The objective of the proposed work is to elucidate how genetic variations resulting from evolutionary differences in starch intake influence starch taste and digestion, glucose absorption, and blood sugar in people consuming a Western diet today. To achieve this goal, the hypothesis that increased copy number (CNVs) of the salivary amylase gene (AMY1) increases the rate at which blood glucose rises after ingesting starch will be tested (Aim 1). Furthermore, the researchers will test the hypothesis that starch taste exists in humans and determine if oral starch exposure affects salivary amylase levels (Aim 2).
For Aim 1, the researchers will examine an individuals'blood glucose profile following starch ingestion. Saliva samples will be analyzed for salivary amylase levels and enzyme functionality using Western blots and enzymatic activity assays. The starch breakdown profile resulting from amylase hydrolysis will be assessed via high performance liquid chromatography (HPLC). Finally, the researchers will assess genetic variation in AMY1, including the number of gene copies and single nucleotide polymorphisms (SNPs), through quantitative PCR (qPCR), fiber fluorescence in situ hybridization (FISH), and genotyping.
For Aim 2, the researchers will determine if subjects can discriminate the taste of starch from simpler sugars independent of intensity (2a) and if oral exposure to starch will increase the release of salivary amylase more so than simpler sugars (2b;oral regulation). Finally, they will also examine the effects of placing subjects on a high or low starch diet to determine if salivary amylase levels are up or down-regulated depending on starch intake (2c;oral and post-oral regulation). Salivary amylase will be assessed as in Aim 1.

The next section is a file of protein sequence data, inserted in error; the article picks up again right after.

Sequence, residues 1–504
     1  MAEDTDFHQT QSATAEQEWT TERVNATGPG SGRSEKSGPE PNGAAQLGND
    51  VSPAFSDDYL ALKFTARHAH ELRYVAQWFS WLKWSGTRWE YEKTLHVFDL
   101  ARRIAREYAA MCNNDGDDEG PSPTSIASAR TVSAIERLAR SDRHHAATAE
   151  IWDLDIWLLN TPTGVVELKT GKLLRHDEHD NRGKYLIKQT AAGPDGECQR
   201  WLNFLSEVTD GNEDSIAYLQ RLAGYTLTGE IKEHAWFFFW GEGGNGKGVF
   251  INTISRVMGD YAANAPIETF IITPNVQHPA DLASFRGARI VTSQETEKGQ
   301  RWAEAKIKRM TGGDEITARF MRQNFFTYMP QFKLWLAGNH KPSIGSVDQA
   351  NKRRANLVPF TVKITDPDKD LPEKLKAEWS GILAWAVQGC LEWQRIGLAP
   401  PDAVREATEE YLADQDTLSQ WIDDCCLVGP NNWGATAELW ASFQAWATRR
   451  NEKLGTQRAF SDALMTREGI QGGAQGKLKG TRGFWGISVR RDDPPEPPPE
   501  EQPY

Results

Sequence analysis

Evolutionarily, efficient starch metabolism may have contributed to survival during bouts of malnutrition and/or intestinal malaise, which can lead to nutrient malabsorption. However, in today's state of food excess and high starch ingestion, it is possible that increased copy number of the AMY1 gene contributes to the risk of insulin resistance and non-insulin dependent diabetes (NIDDM), disorders associated with altered carbohydrate metabolism. Therefore, it may be possible to use high AMY1 gene copy number and salivary amylase levels as risk factors to identify individuals at risk for insulin resistance and diabetes.
|Mandel, Abigail L; Breslin, Paul A S (2012) High endogenous salivary amylase activity is associated with improved glycemic homeostasis following starch ingestion in adults. J Nutr 142:853-8|